The cartoon they showed me on my last night on Earth


When I was 9 I became seriously ill with a very severe case of bronchitis that wouldn’t respond to antibiotics.

I developed an extremely high fever (105 at one point) and was hospitalized. I actually don’t remember very much about it. I drifted in out and of consciousness for two or three days. They called my dad, who was on reserve duty across the world in England. It took him over 24 hours to fly from London to Rome, to Singapore, to Sydney and then to Auckland. They told him he better come quick because his daughter was dying.

Of course, they didn’t tell ME that. No one ever said anything to ME about “dying” until well afterward. But, the fact was the infection was raging in my lungs and threatening to kill me. At one point, they told my mum that if the antibiotics didn’t take hold, I might not last the night.

Again, I heard none of this. There was no melodrama for me. Just bad dreams, short periods of consciousness, being both hot and cold at the same time and not being able to move. I kept having bad dreams that I was strapped down to the bed and locked up in an asylum. In reality, I was simply so weak, I couldn’t move. They put a tube in my side to drain the fluid collecting in one of my lungs (I still have a nasty scar that looks like a birthmark). I remember my side hurting horribly and the horrible stench of infection.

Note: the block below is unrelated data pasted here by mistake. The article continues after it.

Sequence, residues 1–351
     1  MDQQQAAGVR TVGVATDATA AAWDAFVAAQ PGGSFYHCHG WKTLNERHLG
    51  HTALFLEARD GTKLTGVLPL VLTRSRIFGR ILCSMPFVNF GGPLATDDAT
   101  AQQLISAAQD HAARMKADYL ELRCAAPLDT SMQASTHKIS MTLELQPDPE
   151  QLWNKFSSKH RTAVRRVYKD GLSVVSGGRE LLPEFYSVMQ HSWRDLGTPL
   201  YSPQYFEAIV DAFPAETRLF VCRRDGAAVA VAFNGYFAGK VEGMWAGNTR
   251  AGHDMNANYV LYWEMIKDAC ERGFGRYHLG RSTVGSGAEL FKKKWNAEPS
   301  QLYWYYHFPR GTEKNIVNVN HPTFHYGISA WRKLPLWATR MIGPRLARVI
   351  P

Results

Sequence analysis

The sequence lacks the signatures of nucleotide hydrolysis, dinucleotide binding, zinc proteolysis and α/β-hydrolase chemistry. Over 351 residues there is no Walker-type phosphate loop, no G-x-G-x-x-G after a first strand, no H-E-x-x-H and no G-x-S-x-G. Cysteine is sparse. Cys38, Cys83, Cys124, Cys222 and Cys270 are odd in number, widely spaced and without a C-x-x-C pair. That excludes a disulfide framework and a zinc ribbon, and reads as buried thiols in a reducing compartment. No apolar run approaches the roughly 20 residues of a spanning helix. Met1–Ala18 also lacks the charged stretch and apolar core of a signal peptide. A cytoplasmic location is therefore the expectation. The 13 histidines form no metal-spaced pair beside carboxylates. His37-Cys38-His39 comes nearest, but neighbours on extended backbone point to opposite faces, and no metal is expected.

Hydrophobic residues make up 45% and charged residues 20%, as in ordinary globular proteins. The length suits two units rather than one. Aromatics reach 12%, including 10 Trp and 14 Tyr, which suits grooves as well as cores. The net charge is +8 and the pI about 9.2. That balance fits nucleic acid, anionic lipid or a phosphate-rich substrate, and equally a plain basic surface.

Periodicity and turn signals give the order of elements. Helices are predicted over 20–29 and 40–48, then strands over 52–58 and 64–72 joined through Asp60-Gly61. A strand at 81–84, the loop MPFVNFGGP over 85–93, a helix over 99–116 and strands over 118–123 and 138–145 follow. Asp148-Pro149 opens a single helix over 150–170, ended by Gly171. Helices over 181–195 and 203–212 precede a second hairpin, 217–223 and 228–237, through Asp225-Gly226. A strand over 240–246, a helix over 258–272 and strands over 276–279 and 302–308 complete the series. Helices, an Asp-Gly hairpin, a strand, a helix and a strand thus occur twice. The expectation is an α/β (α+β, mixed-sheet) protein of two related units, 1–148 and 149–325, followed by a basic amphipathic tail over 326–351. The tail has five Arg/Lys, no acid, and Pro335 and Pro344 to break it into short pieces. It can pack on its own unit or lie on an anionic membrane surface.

I remember being surrounded with balloons and stuffed animals. Lotsa, lotsa, LOTSA stuffed animals. I was sleeping amid a zoo of plush.


At one point, they brought some videotapes of cartoons. It was a bunch of cartoons I had seen — a lot of Dr. Suess — but there was an odd one I had never seen. I nodded I wanted to watch that one.

They put the movie in and I immediately fell asleep, but woke up right as a long movement of music began playing. It was a really long crescendo, and it was a cartoon about evolution. A little drop of slime in a Coke bottle turns into a bug, then a fish, then dinosaurs. I managed to stay awake for the whole 15-minute cartoon. I was fascinated by how the dinosaurs danced to the music. Then, I fell asleep.